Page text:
Top 5 Takeaways from the 1st Week of Play for the Tampa Bay Lightning
Through four games, the Tampa Bay Lightning have displayed greatness, disappointment and almost everything in between. The Lightning picked up five of a possible eight points on their four-game homestand, and there are a few things that we can take away from those results.
Tampa Bay went 2-1-1 to kick off the season. It will head on a two-week road trip that includes stops against teams like Vancouver and Minnesota before the team returns to the Amalie Arena on Oct. 28.
With an important stretch of schedule coming up, here are the five things we can take away from the Lightning's start to the season.
The Revolving Door on Defense
There was a lot of attention this offseason on the Bolts' improvements on the blue line. Jason Garrison and Anton Stralman have helped solidify the top two pairs.
Unfortunately, the Lightning still have issues on that final pair.
Radko Gudas, Eric Brewer and Andrej Sustr have been anything but solid this year. They all have shown glaring weaknesses that should have the Lightning feeling a bit uneasy.
Gudas walks a dangerous line between being physical and reckless. He is inches away from being suspended on some of his hits. While the physical presence is necessary to protect the Lightning's stars, Gudas needs to stay within the rules to provide that edge.
Brewer might just be getting off to a slow start after being scratched in two of the Lightning's first four games. TSN's Bob McKenzie suggested that Brewer's name has been dangled in trade talks, but Smith reports that general manager Steve Yzerman is not shopping him.
Brewer just seems to be a half-step slow early this season.
Sustr is still growing into his body. He looks timid on the ice, as was evident in a late-game pinch against New Jersey that led to a possible game-ending two-on-one break. It doesn't look like Sustr is progressing as quickly as hoped for.
Mark Barberio hasn't played this season but may get a shot if none of the other three up their play.
Eyeing the Norris
Victor Hedman had a career year last season with a 55-point campaign. He is off to a torrid pace this season and has jumped out as an early-season favorite for the Norris Trophy.
Hedman had a career-high four points against Montreal on Oct. 13 and is tied for the league lead with seven points through four games. The Swede has been a dominant player in all facets of the game so far.
He has five power-play points, a plus-one rating and leads the team in average ice time with over 22 minutes per game. He has been strong on the penalty kill and is a valuable asset again on the power play.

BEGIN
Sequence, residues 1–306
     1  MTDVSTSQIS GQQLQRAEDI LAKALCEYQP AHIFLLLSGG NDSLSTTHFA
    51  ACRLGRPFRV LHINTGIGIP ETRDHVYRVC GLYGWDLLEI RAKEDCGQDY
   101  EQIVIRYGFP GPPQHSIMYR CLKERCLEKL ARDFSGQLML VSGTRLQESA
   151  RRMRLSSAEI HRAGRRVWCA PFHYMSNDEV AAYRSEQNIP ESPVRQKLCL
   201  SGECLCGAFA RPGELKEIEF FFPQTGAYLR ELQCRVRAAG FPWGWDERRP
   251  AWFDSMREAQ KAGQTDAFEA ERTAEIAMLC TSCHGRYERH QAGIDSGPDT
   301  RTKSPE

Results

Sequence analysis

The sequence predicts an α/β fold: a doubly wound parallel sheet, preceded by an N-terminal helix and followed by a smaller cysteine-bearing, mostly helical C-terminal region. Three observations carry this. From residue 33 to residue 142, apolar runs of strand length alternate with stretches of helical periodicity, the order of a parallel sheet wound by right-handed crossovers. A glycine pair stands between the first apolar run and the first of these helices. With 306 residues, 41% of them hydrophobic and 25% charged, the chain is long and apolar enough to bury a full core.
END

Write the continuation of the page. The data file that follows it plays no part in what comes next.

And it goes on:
Hedman could be taking another step forward in his development this season as he looks to continue to establish himself as one of the premier defensemen in the world.
4 Lines Deep
The Lightning's lower two lines have done a nice job of providing a consistent threat. The addition of Brian Boyle has helped at the dot, as he is winning 54.2 percent of his faceoffs. His ice time (12:51 per game) leads all players on the bottom two lines.
Brenden Morrow is averaging less than 10 minutes per game, but he's made an impact.
The young guns have chipped in as well.
Vladislav Namestnikov, Nikita Kucherov, J.T. Brown and Brett Connolly continue to provide energy and wear down opponents. Namestnikov, Kucherov and Boyle all have two points each to help provide secondary scoring.
Being able to roll four lines will be a big benefit as we get into the heart of the 82-game season.
The League's Best...Defense?
Without looking too much into the first four games of the season, the Lightning boast one of the league's best defenses. They are giving up fewer than two goals per game and sit fifth in the NHL.
Before we get too excited about those numbers, the Lightning haven't played the strongest offenses. New Jersey has long been known as a defense-oriented team. Florida is averaging just one goal per game. Ottawa is below two per game and Montreal's offense was a non-factor.
Still, these signs are encouraging, as the Lightning are keeping pucks away from their goaltender. Limiting shots from quality scoring areas is a positive regardless of opponent.
Victor Hedman's team-leading seven points pace the Lightning. Steven Stamkos is tied with Hedman for the team lead in goals (3) and Valtteri Filppula's four assists match Hedman's team-leading number.
Six players have yet to record a point, including four defensemen.
On paper, the Lightning's offense has been good at 3.25 goals per game. That number is drastically skewed after the seven-goal outing against Montreal. Outside of that game, the Lightning have scored seven goals in three games.
The Bolts offense showed just how potent it can be against Montreal. It has produced well with the young group of forwards and without Drouin.
When he returns, the Lightning offense adds another wild card. His addition could boost the offense to a new level or set it back temporarily as the forwards develop chemistry.
The offense is there for the Bolts. Maintaining consistency throughout the season will be crucial.